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Millennials, Xers, and Boomers, Oh My!​​

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Last week, my future daughter-in-law posted the following on Facebook:

“So, can we please stop saying that millennials are killing various businesses, because I'm pretty sure these businesses are killing themselves by not adapting to a changing market.”

This is a discussion that is near and dear to my heart for two reasons. The first is that I am tired of all the discussion about the differences between Baby Boomers, Millennials, Gen Xers, Gen Yers, Gen Runners, etc. Yes, there are differences within these groups based on their experiences. But, when it comes to one-on-one interactions, every single person is their own individual.

When you are hiring a new employee, when you are being hired by a new boss, when you are working with a client, when you are being audited, when you are interacting with another human being (whether it is a part of your audit work or not), the person on the other side of the table is not the stereotype that you build when you start thinking of them as part of a “generation”.

Generation is just one piece of the puzzle that makes up each and every one of us.

Of course, the person’s generation will make a difference. And so will where the person was raised. And so will where the person went to college. And so will where the person has worked. And so will whether the person is in a long-term relationship or not. And so will how many kids the person has. And so will… And so will… And so will… And so will…

In other words, we have to relate to the complicated combination of ideas that make up each individual, not to whatever stereotypes (including generation) that might cloud our perceptions of that individual.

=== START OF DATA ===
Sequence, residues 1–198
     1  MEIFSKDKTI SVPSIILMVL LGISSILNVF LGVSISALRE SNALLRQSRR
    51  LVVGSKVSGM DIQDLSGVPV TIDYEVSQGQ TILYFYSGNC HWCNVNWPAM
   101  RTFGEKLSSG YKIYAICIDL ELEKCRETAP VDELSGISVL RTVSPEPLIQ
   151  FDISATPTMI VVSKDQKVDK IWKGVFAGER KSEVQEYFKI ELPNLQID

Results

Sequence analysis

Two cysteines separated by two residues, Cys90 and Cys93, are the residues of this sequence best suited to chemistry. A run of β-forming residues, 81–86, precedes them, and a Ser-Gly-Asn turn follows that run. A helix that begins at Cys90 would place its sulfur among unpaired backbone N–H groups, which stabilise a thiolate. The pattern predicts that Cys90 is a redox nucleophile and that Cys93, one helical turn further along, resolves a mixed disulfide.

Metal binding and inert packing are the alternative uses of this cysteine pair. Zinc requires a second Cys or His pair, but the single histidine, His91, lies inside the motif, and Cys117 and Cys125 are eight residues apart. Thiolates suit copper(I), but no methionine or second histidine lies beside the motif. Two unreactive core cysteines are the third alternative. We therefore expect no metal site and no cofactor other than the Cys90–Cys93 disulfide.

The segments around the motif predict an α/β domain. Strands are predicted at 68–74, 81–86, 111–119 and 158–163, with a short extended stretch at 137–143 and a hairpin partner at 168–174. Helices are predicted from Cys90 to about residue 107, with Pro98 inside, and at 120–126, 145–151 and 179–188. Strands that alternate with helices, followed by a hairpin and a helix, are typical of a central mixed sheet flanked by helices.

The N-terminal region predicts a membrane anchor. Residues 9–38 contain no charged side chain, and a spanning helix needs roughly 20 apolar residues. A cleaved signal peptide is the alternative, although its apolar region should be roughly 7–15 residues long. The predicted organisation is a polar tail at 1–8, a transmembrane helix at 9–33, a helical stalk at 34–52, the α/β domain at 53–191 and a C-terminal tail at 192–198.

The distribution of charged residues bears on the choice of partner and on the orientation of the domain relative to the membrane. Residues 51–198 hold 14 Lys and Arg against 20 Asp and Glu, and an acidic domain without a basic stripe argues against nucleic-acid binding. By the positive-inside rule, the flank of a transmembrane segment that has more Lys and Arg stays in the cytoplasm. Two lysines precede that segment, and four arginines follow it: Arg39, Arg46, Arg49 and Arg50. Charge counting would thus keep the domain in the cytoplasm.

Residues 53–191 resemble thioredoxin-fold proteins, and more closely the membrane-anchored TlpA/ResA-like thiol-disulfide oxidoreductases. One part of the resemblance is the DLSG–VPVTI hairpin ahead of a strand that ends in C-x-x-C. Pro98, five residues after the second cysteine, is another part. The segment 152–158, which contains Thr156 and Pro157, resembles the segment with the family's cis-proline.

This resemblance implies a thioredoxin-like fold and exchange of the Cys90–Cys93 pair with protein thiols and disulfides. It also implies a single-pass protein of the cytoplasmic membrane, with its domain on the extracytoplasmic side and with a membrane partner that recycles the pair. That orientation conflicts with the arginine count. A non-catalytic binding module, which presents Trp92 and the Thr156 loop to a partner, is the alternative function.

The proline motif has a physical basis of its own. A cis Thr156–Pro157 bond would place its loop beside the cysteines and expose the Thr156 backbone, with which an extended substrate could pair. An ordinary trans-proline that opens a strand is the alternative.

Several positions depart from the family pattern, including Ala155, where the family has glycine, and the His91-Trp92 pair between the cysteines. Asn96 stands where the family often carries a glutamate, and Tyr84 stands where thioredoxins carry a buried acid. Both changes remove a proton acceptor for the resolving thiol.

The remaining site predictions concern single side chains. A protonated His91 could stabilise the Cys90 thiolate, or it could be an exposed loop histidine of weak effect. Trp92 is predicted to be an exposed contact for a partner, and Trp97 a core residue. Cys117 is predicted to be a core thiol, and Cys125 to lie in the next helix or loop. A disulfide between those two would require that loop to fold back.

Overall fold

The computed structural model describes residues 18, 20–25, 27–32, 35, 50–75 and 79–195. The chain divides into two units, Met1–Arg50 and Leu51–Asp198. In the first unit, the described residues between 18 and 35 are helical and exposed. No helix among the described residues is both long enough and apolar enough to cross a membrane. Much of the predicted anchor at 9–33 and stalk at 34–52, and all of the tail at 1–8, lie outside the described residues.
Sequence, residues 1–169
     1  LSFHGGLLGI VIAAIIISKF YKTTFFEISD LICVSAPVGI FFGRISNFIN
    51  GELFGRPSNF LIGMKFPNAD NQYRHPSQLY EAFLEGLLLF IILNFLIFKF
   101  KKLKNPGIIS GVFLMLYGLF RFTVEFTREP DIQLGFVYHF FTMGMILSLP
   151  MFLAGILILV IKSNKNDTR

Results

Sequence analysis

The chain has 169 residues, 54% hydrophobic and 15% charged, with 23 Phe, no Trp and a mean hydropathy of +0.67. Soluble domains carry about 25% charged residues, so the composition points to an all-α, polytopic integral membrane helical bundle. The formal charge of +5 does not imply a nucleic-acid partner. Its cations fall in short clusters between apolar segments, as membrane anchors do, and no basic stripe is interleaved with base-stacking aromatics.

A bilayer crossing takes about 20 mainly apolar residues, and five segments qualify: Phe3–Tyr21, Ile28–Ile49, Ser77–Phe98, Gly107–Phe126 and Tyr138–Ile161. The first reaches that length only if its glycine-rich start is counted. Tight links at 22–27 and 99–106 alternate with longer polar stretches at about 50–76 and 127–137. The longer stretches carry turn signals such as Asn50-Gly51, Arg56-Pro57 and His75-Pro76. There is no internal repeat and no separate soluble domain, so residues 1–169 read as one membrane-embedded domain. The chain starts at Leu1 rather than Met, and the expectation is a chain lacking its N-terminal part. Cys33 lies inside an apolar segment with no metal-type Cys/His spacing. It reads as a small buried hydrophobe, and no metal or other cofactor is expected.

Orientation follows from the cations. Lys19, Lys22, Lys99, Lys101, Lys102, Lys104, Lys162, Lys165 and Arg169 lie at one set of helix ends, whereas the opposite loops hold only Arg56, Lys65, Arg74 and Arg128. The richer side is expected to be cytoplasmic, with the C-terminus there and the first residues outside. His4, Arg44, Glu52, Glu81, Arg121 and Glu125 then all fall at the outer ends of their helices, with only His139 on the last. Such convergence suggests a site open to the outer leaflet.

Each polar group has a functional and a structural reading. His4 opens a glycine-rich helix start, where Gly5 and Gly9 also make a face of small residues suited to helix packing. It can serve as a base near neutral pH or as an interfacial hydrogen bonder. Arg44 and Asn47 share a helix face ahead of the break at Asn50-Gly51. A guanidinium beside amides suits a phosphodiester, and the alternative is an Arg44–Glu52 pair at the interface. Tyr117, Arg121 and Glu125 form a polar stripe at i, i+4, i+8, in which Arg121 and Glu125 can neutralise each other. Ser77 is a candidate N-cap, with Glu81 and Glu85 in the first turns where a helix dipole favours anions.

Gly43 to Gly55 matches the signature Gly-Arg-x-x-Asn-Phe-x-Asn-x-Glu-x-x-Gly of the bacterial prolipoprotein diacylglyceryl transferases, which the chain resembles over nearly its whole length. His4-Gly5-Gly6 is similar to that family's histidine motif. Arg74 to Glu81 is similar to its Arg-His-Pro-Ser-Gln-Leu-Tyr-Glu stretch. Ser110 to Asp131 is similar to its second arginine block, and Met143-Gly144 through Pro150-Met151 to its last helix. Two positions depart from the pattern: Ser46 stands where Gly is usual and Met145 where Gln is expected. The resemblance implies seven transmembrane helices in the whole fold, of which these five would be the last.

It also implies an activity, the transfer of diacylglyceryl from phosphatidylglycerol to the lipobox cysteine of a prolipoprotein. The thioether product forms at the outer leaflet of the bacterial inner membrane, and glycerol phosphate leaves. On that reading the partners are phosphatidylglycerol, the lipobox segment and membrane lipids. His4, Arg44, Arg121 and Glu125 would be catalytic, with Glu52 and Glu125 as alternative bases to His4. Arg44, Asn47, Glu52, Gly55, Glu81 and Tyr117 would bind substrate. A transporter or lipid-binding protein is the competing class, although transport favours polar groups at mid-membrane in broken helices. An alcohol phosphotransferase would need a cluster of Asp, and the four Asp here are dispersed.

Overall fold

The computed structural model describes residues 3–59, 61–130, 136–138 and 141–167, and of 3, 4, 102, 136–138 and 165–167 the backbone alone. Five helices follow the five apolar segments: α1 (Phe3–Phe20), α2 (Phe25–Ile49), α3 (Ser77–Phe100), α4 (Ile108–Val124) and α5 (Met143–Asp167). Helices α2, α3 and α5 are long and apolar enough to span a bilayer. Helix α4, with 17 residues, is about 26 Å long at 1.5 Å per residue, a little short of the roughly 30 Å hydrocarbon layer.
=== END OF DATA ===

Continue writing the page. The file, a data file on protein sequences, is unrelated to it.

When we find ourselves building a picture of the mindset of another individual because of their generation (or any other area where stereotypes quickly rear their ugly heads), we have to step back and change our mindset about them.

He is not a certain generation. She is not a certain gender. He is not a certain nationality. She is not a certain political persuasion. He is not a certain religion. She is not a certain profession (even internal auditor). Each is a person who is made up of a complex potpourri of ideas and beliefs. And, the sooner we move past our personal mindsets of what we think certain types of people represent, the sooner we will be able to hire effectively, interview effectively, audit effectively, communicate effectively, and, in general, work with other people effectively.

So, paraphrasing the quote that got all this started, Millennials aren’t killing businesses; businesses (and internal auditors) are killing themselves by trying to push people into pigeonholes when none should exist.

And the second reason this discussion is near and dear to my heart gets to the point I really wanted to make – the one that first sprang to mind when I read the quote. But I’ve gone on too long, and I’m afraid that second point will be buried by everything else I’ve said so far.

So, join us next week when we will talk about whether or not millennials are killing businesses and internal audit.

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